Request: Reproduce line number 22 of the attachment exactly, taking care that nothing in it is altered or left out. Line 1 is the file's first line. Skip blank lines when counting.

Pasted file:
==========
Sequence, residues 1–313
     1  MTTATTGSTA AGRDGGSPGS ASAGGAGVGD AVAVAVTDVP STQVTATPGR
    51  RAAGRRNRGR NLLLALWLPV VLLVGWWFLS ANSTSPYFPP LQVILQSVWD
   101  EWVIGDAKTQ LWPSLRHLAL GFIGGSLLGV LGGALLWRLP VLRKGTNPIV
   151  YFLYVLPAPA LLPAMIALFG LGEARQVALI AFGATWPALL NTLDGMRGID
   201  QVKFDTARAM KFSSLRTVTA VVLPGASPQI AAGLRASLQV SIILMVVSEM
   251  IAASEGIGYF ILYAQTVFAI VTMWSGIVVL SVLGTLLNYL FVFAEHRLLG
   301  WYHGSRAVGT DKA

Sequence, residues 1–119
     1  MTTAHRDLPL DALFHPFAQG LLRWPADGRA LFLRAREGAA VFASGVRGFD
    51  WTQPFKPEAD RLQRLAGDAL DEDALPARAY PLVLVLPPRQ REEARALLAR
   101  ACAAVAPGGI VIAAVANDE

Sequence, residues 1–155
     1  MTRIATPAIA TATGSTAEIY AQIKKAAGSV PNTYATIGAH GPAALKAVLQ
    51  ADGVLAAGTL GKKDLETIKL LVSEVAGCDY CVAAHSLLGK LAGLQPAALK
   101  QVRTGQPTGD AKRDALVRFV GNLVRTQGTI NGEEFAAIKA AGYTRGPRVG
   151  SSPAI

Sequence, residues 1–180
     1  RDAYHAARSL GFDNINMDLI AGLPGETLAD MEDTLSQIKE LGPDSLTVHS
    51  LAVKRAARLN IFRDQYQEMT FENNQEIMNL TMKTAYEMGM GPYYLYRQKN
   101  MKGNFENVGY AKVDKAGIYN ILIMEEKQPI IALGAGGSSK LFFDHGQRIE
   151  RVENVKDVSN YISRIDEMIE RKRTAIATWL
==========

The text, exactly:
   151  RVENVKDVSN YISRIDEMIE RKRTAIATWL